2. The acting is incredible. This is the best I have ever seen Sarah Marshall, and I’ve seen her be awfully, awfully good in a lot of different shows. Here her comic timing is brilliant, and she makes Ruthie a malevolent little creature who holds her fierce daughters at bay. As for Naomi Jacobson, she is the real shape-shifter; there is not another actor in Washington who so completely submerges herself into her role. The remaining cast is similarly terrific – funny, credible and, ultimately, heartbreaking.

3. The amazing ending. At the end of the play, Stuart gets a phone call, and in two sentences – one from him, and one from his mother – the entire emotional center of gravity shifts. The ending is brilliant and cynical and perfect.

Tremendous, incredible, amazing…Maria/Stuart is a gorgeous way to begin the 2008-2009 theatrical season. If every show is as good as this, brothers and sisters, just put the rest of your life on hold, and prepare to be entertained.

Running Time: Two and a half hours, with one intermission.
When: Wed. through Sun. until Sept. 14. Sunday shows are at two and seven; all other shows at 8.
Where: Woolly Mammoth Theatre Company, 641 D Street NW, Washington
Tickets: Range from $26 to $60. Call 202.393.3939 or go to www.woollymammoth.net.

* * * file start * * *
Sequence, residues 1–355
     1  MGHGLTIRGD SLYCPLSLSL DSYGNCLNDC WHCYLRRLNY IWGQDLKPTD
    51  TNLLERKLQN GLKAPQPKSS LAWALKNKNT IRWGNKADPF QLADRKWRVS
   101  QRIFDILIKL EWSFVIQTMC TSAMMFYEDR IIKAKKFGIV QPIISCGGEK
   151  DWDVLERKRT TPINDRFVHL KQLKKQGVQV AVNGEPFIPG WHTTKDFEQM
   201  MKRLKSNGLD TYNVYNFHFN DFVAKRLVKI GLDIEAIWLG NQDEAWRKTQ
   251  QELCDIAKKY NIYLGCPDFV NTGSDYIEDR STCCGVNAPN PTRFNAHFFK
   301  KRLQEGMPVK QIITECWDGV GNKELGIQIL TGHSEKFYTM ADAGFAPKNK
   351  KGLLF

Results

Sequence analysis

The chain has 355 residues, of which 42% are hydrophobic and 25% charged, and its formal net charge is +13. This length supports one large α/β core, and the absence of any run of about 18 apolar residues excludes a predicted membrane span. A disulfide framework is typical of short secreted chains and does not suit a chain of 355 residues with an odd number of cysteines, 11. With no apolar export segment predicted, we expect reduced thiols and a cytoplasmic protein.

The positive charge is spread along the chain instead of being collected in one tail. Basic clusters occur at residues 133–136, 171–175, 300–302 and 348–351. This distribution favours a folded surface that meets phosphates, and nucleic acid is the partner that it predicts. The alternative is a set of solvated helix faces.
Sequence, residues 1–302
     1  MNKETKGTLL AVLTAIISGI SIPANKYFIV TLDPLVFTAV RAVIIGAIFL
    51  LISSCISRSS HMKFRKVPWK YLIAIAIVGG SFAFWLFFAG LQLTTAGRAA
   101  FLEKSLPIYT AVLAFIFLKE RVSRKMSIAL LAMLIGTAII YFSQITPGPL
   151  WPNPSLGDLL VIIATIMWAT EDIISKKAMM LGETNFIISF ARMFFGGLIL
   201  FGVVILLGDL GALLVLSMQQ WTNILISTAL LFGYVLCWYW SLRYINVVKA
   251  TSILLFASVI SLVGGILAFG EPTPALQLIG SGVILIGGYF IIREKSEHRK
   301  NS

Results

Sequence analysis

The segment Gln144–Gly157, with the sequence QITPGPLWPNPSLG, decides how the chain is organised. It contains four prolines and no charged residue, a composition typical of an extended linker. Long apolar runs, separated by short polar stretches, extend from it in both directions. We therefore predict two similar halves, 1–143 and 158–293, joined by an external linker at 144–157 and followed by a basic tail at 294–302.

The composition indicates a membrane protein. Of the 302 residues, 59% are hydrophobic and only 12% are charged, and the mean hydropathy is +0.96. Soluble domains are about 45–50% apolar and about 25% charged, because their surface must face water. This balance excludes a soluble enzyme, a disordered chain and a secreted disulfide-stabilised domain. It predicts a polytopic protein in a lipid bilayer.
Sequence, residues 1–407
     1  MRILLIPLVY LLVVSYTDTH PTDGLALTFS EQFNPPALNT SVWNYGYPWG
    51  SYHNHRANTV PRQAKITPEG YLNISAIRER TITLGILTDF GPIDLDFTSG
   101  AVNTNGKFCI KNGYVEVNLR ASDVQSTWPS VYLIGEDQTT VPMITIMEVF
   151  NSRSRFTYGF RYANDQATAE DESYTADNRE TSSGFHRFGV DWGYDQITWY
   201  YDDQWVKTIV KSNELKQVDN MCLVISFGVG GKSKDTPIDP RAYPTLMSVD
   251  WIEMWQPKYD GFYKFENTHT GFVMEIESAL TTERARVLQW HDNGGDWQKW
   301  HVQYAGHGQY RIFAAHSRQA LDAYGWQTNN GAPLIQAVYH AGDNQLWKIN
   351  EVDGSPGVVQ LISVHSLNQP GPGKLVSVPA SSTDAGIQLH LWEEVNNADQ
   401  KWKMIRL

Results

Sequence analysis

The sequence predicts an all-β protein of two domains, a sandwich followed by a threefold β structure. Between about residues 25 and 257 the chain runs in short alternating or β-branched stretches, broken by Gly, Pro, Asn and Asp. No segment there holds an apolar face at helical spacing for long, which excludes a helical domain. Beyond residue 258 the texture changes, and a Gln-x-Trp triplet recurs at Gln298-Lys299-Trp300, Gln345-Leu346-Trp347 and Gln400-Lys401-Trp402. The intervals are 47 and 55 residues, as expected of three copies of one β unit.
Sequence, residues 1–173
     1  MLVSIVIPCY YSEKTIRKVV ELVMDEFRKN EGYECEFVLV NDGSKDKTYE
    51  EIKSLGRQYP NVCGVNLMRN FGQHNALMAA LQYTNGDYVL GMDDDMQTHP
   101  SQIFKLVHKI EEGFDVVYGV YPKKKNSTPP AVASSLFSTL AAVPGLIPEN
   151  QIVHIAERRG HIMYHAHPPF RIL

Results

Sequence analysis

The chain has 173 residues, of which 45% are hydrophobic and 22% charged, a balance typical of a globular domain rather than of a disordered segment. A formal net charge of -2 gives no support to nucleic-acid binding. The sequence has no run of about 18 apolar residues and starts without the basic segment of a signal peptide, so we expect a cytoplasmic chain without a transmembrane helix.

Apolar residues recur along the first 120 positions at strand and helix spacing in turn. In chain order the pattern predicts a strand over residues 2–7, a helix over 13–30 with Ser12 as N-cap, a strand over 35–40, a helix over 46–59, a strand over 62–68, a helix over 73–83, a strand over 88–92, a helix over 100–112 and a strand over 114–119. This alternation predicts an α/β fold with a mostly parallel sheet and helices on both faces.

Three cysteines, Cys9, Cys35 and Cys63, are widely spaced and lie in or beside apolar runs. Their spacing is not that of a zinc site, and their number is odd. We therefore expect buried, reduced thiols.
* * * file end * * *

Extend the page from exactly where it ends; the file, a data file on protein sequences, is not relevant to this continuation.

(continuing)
More information: www.woollymammoth.net

Comments

  1. I TOTALLY AGREE! Go and see this show it is AMAZING!

  2. I too agree. What I loved in Maria/Stuart is the way Grote laces the dialogue with snatches of Schiller’s poetry—even the ode to joy in German. Imaginative? If you listen closely, the language is wild. Better yet, buy the script, reasonably priced in the lobby.This text is just so gorgeously rich and grotesquely funny. The Shapeshifter is a great character that, at first, I thought would upstage all others on stage. Not so. The Shapeshifter is sort of a dybbuk that inhabits just about every character in the play. Each actor gets a chance to go momentarily mad. I looked forward to those unpredictable acting moments. The acting makes this play work.